tvTest.setOnClickListener(new View.OnClickListener() {
              @Override
              public void onClick(View view) {
                  Toast.makeText(MainActivity.this, "hello", Toast.LENGTH_SHORT).show();
              }
          });
        }
    }

Adapters

Array Adapter

When constructing adapters for a ListView, typically getContext() is usually called during the layout inflation process. This method usually uses the context that instantiated the ArrayAdapter:

   if (convertView == null) {
      convertView = 
          LayoutInflater
              .from(getContext())
              .inflate(R.layout.item_user, parent, false);
   }

If you instantiate the ArrayAdapter with the application context, however, you are likely to notice that the themes/styles are not being applied. For this reason, make sure you are passing in the Activity context in these cases.

RecyclerView Adapter

public class MyRecyclerAdapter extends RecyclerView.Adapter<MyRecyclerAdapter.ViewHolder> {

    @Override 
    public ViewHolder onCreateViewHolder(ViewGroup parent, int viewType) {
        View v = 
            LayoutInflater
                .from(parent.getContext())
                .inflate(itemLayout, parent, false);
        
        return new ViewHolder(v);
    }

    @Override
    public void onBindViewHolder(ViewHolder viewHolder, int i) {
        // If a context is needed, it can be retrieved 
        // from the ViewHolder's root view.
        Context context = viewHolder.itemView.getContext();

        // Dynamically add a view using the context provided.
        if(i == 0) {
            TextView tvMessage = new TextView(context);
            tvMessage.setText("Only displayed for the first item.")

            viewHolder.customViewGroup.addView(tvMessage);
        }
    }

   public static class ViewHolder extends RecyclerView.ViewHolder {
       public FrameLayout customViewGroup;

       public ViewHolder(view imageView) {
           // Very important to call the parent constructor
           // as this ensures that the imageView field is populated.
           super(imageView);
           
           // Perform other view lookups.
           customViewGroup = (FrameLayout) imageView.findById(R.id.customViewGroup);
       }
   }
}

Whereas an ArrayAdapter requires a context to be passed into it's constructor, a RecyclerView.Adapter does not. Instead, the correct context can be inferred from the parent view when inflation is necessary.

The associated RecyclerView always passes itself as the parent view into the RecyclerView.Adapter.onCreateViewHolder() call.

If a context is needed outside of the onCreateViewHolder() method, as long as there's a ViewHolder instance available, a context can be retrieved via: viewHolder.itemView.getContext(). itemView is a public, non-null, and final field in the base ViewHolder class.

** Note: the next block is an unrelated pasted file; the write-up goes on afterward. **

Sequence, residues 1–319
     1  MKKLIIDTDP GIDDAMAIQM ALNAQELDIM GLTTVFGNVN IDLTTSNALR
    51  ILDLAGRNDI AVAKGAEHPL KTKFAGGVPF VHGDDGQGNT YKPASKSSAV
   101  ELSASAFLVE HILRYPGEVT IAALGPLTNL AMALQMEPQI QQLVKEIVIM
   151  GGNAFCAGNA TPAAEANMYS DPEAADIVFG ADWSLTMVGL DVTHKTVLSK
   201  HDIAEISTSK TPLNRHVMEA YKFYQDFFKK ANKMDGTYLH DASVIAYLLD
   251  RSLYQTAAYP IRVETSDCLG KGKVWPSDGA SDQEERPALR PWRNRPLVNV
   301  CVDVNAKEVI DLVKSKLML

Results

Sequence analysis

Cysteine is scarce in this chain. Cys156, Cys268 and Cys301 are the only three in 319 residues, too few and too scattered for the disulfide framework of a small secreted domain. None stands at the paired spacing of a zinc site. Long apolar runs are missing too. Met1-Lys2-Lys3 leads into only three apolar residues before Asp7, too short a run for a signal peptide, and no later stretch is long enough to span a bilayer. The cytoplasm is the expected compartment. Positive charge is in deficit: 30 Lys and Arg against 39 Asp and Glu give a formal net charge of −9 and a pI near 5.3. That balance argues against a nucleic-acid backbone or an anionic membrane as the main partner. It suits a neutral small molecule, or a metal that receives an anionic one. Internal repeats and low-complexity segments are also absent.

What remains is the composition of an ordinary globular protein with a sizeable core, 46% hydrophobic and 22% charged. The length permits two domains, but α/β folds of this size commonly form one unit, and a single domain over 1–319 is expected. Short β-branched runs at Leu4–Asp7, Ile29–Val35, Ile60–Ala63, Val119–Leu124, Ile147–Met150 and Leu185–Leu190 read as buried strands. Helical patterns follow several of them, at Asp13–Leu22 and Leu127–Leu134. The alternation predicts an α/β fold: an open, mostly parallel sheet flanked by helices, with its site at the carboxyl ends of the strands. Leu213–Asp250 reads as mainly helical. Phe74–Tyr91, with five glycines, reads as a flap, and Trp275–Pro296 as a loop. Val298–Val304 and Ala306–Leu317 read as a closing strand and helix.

Avoiding memory leaks

The Application Context is typically used when singleton instances need to be created, such as a custom manager class that requires Context information to gain access to system services but gets reused across multiple Activities. Since retaining a reference to the Activity context would cause memory not to be reclaimed after it is no longer running, it's important to use the Application Context instead.

In the example below, if the context being stored is an Activity or Service and it's destroyed by the Android system, it won't be able to be garbage collected because the CustomManager class holds a static reference to it.

pubic class CustomManager {
    private static CustomManager sInstance;

    public static CustomManager getInstance(Context context) {
        if (sInstance == null) {

            // This class will hold a reference to the context
            // until it's unloaded. The context could be an Activity or Service.
            sInstance = new CustomManager(context);
        }

        return sInstance;
    }

    private Context mContext;

    private CustomManager(Context context) {
        mContext = context;
    }
}

Proper storing of a context: use the application context

To avoid memory leaks, never hold a reference to a context beyond its lifecycle. Check any of your background threads, pending handlers, or inner classes that may be holding onto context objects as well.

The right way is to store the application context in CustomManager.getInstance(). The application context is a singleton and is tied to the lifespan of application's process, making it safe to store a reference to it.

Use the application context when a context reference is needed beyond the lifespan of a component, or if it should be independent of the lifecycle of the context being passed in.

public static CustomManager getInstance(Context context) {
    if (sInstance == null) {

        // When storing a reference to a context, use the application context.
        // Never store the context itself, which could be a component.
        sInstance = new CustomManager(context.getApplicationContext());
    }

    return sInstance;
}

References